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Janus Henderson What are the investment implications of China’s carbon clampdown?

The second article in this two-part series sees Janus Henderson emerging market experts Daniel Graña, Matt Doody and Jennifer James consider the potential investment implications of China’s decarbonisation plans.

While the phrase is liberally applied by investors, few global developments actually rise to the level of “mega-theme”. China decarbonisation, however, meets this standard. A summary observation is that this theme is concentrated on China and within the energy complex. It’s not.

We believe that this ambitious initiative has the potential to change the landscape for multiple asset classes, regions and economic sectors. As with any paradigm shift, there will be winners and losers in each of these categories.

With the launch of its decarbonisation initiative, a global arms race to renewable supremacy has begun.

China, as the world’s largest energy consumer, has shifted the calculus on climate economics. It has also thrust itself into a potential leadership position in innovative renewable technology.

As the largest energy consumer, much of this value chain will be a closed loop within China. Yet it also could export these technologies to other countries seeking to meet their — now accelerated — climate targets.

Regional losers are likely to be hydrocarbon exporting countries that have failed to diversify their economies. This stands to not only weigh on the financial prospects of the production companies and refineries, but also on their sovereign debt and currencies. Leaders in the Middle East and Russia have just been put on notice that their economic status quo may have a finite shelf life.


Exhibit 4: China share of total global photovoltaic solar industry


Source: China Photovoltaic Industry Association, as of 2019.


Developed market energy companies also face headwinds. Given solar and wind’s focus on electricity production, coal miners appear acutely vulnerable. Oil companies face a longer-term threat as the potential for electric vehicles (EVs) and batteries increases, but even within China, hydrocarbons stand to be the primary fuel for transportation over the near term.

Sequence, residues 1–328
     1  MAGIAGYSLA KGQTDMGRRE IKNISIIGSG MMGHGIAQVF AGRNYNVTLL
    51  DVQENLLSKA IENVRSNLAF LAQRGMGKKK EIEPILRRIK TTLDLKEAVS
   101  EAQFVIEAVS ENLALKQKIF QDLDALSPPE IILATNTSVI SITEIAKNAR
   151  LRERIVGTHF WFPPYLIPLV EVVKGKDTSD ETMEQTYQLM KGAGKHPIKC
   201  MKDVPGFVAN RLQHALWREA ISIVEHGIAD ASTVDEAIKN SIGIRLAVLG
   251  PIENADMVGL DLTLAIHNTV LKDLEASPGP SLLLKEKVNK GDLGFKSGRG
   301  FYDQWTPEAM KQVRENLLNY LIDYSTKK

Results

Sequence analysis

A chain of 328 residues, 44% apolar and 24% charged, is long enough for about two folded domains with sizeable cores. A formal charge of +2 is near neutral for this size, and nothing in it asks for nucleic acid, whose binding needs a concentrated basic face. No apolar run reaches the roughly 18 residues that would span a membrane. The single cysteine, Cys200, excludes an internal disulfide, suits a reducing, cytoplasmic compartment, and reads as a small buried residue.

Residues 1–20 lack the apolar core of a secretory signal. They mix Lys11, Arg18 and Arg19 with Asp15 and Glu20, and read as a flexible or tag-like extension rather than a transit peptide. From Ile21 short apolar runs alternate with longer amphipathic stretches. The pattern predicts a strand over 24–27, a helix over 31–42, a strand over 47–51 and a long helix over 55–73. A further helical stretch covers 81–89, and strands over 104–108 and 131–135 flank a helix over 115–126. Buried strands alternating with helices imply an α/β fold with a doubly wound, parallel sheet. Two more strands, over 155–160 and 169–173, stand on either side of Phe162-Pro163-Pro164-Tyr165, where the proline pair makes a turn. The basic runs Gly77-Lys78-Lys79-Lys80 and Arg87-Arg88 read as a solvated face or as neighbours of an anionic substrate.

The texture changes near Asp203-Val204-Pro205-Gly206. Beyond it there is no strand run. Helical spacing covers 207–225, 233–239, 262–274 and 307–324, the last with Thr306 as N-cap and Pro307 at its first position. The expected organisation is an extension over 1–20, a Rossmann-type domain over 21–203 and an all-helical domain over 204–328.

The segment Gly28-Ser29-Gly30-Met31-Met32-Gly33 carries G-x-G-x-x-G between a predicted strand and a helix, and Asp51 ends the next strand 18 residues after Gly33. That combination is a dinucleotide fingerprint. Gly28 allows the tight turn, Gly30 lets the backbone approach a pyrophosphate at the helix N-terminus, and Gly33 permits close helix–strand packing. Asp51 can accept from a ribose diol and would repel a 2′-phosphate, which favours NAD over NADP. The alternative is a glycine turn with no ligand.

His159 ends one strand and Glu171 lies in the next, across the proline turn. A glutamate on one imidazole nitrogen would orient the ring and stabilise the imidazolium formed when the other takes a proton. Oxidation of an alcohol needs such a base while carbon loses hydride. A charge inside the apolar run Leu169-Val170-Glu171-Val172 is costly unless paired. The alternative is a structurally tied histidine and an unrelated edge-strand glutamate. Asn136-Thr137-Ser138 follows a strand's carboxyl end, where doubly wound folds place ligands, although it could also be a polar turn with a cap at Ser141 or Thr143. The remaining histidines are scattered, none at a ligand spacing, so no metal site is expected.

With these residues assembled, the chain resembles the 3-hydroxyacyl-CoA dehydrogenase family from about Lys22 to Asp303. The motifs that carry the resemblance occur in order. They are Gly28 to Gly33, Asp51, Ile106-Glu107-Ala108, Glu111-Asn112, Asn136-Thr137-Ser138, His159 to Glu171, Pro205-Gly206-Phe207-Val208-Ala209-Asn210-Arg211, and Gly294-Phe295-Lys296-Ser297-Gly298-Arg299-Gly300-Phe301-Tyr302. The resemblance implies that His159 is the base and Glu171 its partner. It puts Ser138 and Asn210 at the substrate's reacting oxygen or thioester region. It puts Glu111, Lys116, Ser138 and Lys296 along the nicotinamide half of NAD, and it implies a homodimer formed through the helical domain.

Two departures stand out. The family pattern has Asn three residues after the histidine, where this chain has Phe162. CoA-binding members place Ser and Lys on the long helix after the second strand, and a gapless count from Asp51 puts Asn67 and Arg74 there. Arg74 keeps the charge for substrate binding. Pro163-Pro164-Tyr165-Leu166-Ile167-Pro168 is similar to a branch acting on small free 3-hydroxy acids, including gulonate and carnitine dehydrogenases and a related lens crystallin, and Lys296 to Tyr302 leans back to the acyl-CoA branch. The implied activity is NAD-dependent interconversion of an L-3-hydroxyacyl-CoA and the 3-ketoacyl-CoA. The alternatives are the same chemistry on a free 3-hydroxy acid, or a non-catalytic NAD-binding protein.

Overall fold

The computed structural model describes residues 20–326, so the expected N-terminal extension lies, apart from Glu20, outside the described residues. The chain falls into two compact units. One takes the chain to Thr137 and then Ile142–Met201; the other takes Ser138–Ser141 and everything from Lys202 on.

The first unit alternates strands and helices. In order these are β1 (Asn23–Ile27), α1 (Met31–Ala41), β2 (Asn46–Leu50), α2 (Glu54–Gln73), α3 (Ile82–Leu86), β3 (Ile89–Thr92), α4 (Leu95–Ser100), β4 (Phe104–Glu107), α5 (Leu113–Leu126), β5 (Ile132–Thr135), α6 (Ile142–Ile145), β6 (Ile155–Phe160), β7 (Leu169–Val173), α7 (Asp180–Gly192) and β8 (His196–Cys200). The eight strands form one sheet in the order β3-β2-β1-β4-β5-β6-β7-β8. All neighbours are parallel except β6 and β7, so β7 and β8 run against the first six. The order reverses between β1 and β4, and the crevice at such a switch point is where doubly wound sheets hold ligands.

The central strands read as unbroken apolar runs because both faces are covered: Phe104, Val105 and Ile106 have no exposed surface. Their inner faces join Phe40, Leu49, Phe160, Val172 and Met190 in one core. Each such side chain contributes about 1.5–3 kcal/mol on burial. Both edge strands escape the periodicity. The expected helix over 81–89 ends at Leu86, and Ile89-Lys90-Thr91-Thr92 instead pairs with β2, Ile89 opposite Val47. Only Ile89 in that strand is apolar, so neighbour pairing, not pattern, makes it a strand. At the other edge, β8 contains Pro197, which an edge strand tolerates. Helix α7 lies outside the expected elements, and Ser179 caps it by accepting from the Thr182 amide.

Globally, industrial companies will compete to dominate business verticals such as solar, wind and EVs. Other industries affected by this initiative are waste disposal, carbon capture and the mining of the metals needed to support advanced energy production. Among these are copper, nickel, cobalt and lithium. As evidenced by this list’s compositions, battery technology and fuel cells are positioned to be a growth industry.

Given the multi-decade nature of this mega-theme, equities within the renewable energy value chain can be categorised as long-duration growth opportunities. Accordingly, they may attract high valuations, but the secular nature and the magnitude of this opportunity, in our view, should justify elevated earnings multiples — as long as they don’t get overextended.

The capital expenditure to bring these initiatives to fruition is massive. Companies are likely to access debt markets to fund growth and often this issuance may benefit from state backing. Conversely, strategically disadvantaged hydrocarbon producers will likely see their earnings prospects deteriorate and balance sheet quality diminish. The rate at which this occurs will depend upon the specific segment in which these companies operate and the degree to which management teams recognize the threat.

As decarbonisation touches state actors, multinationals across a range of sectors and societies at large, understanding its long-term investment implications requires a holistic, interdisciplinary approach. We believe that a country-level – and regional-level – macro lens is appropriate, especially given the degree government policy will help to shape the renewable playing field.

China has fired the opening salvo and we expect other countries to follow. A company-focused lens is necessary as management teams across industries will need to conduct a strategic overview of their carbon footprint, addressing how they produce and consume energy.

As in other periods of transition, some companies will pick winning strategies; other less forward-thinking ones risk an existential crisis. Lastly, decarbonisation aligns well with the acceleration of ESG investment themes. China has the potential to turn a vulnerability — its management of the environment — into a strength. Similarly, the social implications are considerable. 

Wage gains for workers engaged in more productivity-enhancing value-added industries, improved health outcomes for urban dwellers and ultimately a lower risk of social and economic disruption caused by the worst effects of climate change such as desertification, food insecurity and mass migration are all societal benefits from a large-scale shift toward renewable energy sources.

Publicly listed corporations will be both drivers and driven by climate economics and this energy transition. Within the context of governance, management teams and boards will need a deep understanding of how the energy marketplace is changing so that they can develop strategies that enable them to act in the long-term interest of shareholders.


This article was originally published on the Janus Henderson Investors website.

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